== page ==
Lily took no sleeping-drops that night. She lay awake viewing her situation in the crude light which Rosedale's visit had shed on it. In fending off the offer he was so plainly ready to renew, had she not sacrificed to one of those abstract notions of honour that might be called the conventionalities of the moral life? What debt did she owe to a social order which had condemned and banished her without trial? She had never been heard in her own defence; she was innocent of the charge on which she had been found guilty; and the irregularity of her conviction might seem to justify the use of methods as irregular in recovering her lost rights. Bertha Dorset, to save herself, had not scrupled to ruin her by an open falsehood; why should she hesitate to make private use of the facts that chance had put in her way? After all, half the opprobrium of such an act lies in the name attached to it. Call it blackmail and it becomes unthinkable; but explain that it injures no one, and that the rights regained by it were unjustly forfeited, and he must be a formalist indeed who can find no plea in its defence.
The arguments pleading for it with Lily were the old unanswerable ones of the personal situation: the sense of injury, the sense of failure, the passionate craving for a fair chance against the selfish despotism of society. She had learned by experience that she had neither the aptitude nor the moral constancy to remake her life on new lines; to become a worker among workers, and let the world of luxury and pleasure sweep by her unregarded. She could not hold herself much to blame for this ineffectiveness, and she was perhaps less to blame than she believed. Inherited tendencies had combined with early training to make her the highly specialized product she was: an organism as helpless out of its narrow range as the sea-anemone torn from the rock. She had been fashioned to adorn and delight; to what other end does nature round the rose-leaf and paint the humming-bird's breast? And was it her fault that the purely decorative mission is less easily and harmoniously fulfilled among social beings than in the world of nature? That it is apt to be hampered by material necessities or complicated by moral scruples?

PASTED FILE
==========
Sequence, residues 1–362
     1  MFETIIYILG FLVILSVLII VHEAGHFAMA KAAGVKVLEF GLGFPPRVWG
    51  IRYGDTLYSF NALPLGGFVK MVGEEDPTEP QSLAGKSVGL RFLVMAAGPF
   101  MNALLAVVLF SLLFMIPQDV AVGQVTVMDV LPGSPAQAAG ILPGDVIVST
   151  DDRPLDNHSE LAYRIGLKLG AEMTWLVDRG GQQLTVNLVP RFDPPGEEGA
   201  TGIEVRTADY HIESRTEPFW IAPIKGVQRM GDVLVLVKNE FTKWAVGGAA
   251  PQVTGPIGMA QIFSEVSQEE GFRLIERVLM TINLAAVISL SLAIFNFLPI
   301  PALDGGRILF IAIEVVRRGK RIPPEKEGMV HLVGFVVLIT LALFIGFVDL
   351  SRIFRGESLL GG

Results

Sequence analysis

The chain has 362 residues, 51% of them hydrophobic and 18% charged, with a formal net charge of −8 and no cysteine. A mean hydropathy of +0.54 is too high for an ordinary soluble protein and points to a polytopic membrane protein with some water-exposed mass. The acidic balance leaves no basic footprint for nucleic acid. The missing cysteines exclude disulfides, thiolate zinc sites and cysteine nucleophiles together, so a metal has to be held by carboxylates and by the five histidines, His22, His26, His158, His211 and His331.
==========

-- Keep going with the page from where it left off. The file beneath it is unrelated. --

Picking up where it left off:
These last were the two antagonistic forces which fought out their battle in her breast during the long watches of the night; and when she rose the next morning she hardly knew where the victory lay. She was exhausted by the reaction of a night without sleep, coming after many nights of rest artificially obtained; and in the distorting light of fatigue the future stretched out before her grey, interminable and desolate.
She lay late in bed, refusing the coffee and fried eggs which the friendly Irish servant thrust through her door, and hating the intimate domestic noises of the house and the cries and rumblings of the street. Her week of idleness had brought home to her with exaggerated force these small aggravations of the boarding-house world, and she yearned for that other luxurious world, whose machinery is so carefully concealed that one scene flows into another without perceptible agency.
At length she rose and dressed. Since she had left Mme. Regina's she had spent her days in the streets, partly to escape from the uncongenial promiscuities of the boarding-house, and partly in the hope that physical fatigue would help her to sleep. But once out of the house, she could not decide where to go; for she had avoided Gerty since her dismissal from the milliner's, and she was not sure of a welcome anywhere else.
The morning was in harsh contrast to the previous day. A cold grey sky threatened rain, and a high wind drove the dust in wild spirals up and down the streets. Lily walked up Fifth Avenue toward the Park, hoping to find a sheltered nook where she might sit; but the wind chilled her, and after an hour's wandering under the tossing boughs she yielded to her increasing weariness, and took refuge in a little restaurant in Fifty-ninth Street. She was not hungry, and had meant to go without luncheon; but she was too tired to return home, and the long perspective of white tables showed alluringly through the windows.
The room was full of women and girls, all too much engaged in the rapid absorption of tea and pie to remark her entrance. A hum of shrill voices reverberated against the low ceiling, leaving Lily shut out in a little circle of silence. She felt a sudden pang of profound loneliness. She had lost the sense of time, and it seemed to her as though she had not spoken to any one for days. Her eyes sought the faces about her, craving a responsive glance, some sign of an intuition of her trouble. But the sallow preoccupied women, with their bags and note-books and rolls of music, were all engrossed in their own affairs, and even those who sat by themselves were busy running over proof-sheets or devouring magazines between their hurried gulps of tea. Lily alone was stranded in a great waste of disoccupation.